March 6, 2016
Welcome to Marco Rubio’s Last Stand. At least until his next last stand in Florida if he survives this one. A few days ago, Puerto Rico was a good opportunity for Rubio to pick up a win. A place others weren’t focusing on to grab some additional delegates.
Now he has to do very well, ideally winning by 10 to 20 points. Super Tuesday went poorly. Semi-Super Saturday was a disaster. No candidate in the campaign season has underperformed expectations on a single day as badly as Rubio did yesterday.
Jeb Bush and friends put up some terrible numbers once people started voting, but none of those catastrophes were unexpected a day or two before the vote. By yesterday morning, it became clear Marco was in a heap of trouble.
He was fading, Cruz was surging, and finishing fourth was more likely than second in each of the four contests. The results were even more dismal. While he stayed ahead of John Kasich everywhere outside of Maine, Rubio never broke 17%, and wound up at 11% in Louisiana, 8% in Maine.
Among Louisiana election day voters (there were plenty of absentee participants), Marco was in single digits. That’s not easily survivable for any contender, but without a clear base of support anywhere, Rubio needed to rely on doing at least decently everywhere.
This brings us to Puerto Rico, the island commonwealth with a budget crisis on par with Rubio’s delegate issues. In an interesting quirk, Puerto Ricans, who otherwise have full U.S. citizenship rights, are not able to vote in the general election, but do participate in the nominating process.
The same is true of places like Guam, American Samoa, the U.S. Virgin Islands, etc. Hillary Clinton won American Samoa on Super Tuesday. She didn’t get on a plane to campaign there.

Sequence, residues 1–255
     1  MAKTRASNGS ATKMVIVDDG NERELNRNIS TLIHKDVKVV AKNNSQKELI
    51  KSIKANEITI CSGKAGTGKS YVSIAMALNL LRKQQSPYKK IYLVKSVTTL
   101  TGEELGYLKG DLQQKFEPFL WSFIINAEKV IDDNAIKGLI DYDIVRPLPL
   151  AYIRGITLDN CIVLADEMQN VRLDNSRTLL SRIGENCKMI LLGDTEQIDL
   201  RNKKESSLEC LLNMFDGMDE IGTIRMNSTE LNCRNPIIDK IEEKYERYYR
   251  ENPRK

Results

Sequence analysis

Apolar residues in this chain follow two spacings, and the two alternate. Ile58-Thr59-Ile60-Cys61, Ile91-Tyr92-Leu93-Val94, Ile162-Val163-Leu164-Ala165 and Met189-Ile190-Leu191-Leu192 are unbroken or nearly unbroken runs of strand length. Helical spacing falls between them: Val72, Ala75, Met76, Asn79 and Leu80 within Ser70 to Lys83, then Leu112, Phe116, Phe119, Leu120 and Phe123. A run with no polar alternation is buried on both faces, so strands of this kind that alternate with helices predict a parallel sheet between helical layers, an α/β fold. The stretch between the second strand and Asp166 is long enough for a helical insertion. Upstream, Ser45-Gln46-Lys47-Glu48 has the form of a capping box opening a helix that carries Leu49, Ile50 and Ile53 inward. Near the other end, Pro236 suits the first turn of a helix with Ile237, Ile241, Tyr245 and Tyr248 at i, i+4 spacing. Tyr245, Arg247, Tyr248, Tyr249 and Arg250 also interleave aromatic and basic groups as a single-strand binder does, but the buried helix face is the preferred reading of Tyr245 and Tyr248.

Puerto Rico is much closer, and Rubio has another motive. Over one million Puerto Ricans live in Florida and are very able to vote there. Campaigning on the island increases his chances of victory there and shows respect to those who can help him at home on March 15.
While Marco was there, Ted Cruz was in Boise, Idaho, preparing for that vote on March 8. Prior to yesterday, betting markets had Rubio as the favorite, with Trump the next most likely winner. Once Cruz had his big Saturday, he temporarily spiked, before falling back to single digit percentage odds.
On the mainland, Rubio is more susceptible to momentum than any other candidate. At this moment, that’s distinctly negative. If most Puerto Ricans do not believe a Trump presidency or nomination is a good idea, will they shift to the ascendant Cruz, or stick with the guy who was camped out there yesterday?
Rubio has the support of local GOP leaders. They were swept out of office a few years ago, prior to the current financial crisis. The island has spent the past decade in a state of recession. Originally the troubles helped Democrats take office, but have continued and worsened since.
Twenty-four hours ago I was ready to predict a Rubio victory. Nothing has changed on the ground since then. The negative events were elections on the mainland. Will Puerto Ricans dig in their heels and support Rubio?
We have no polls to go on. What follows is my least data-driven, most purely speculative exercise yet:
Marco Rubio 48.7%
Donald Trump 26.6%
Ted Cruz 20.2%
John Kasich 3.8%
I’m figuring even in Puerto Rico, Trump manages to get a quarter of the vote. He wants to build a wall, not a moat. Plus, Puerto Ricans are quite legal when in the U.S., be that on the mainland or anywhere else.
They’re suffering from an extreme fiscal crisis, and I’m sure the Apprentice was available for viewing on the island. It’s not like he has a name recognition problem here. It’s a primary, not a caucus. This would mark The Donald’s lowest result in a primary.
I’m figuring the lack of huge opposition to Trump (a speculative lack, mind you), will help Rubio against Cruz. If they aren’t overly determined to stop Trump, no need to strategically vote for Cruz en masse.
Between spending time in Puerto Rico, being tied to Florida, and emphasizing his Latino background far more than Cruz, Rubio should have a large advantage here, one strong enough to overcome yesterday’s results.
If I’m wrong, and Rubio fails to win here, he probably should take The Donald’s advice and get out of the race. At the moment, even with a modest amount of delegates, and little chance to reverse the immediate narrative, Puerto Rico is the last, best hope for the Rubio campaign.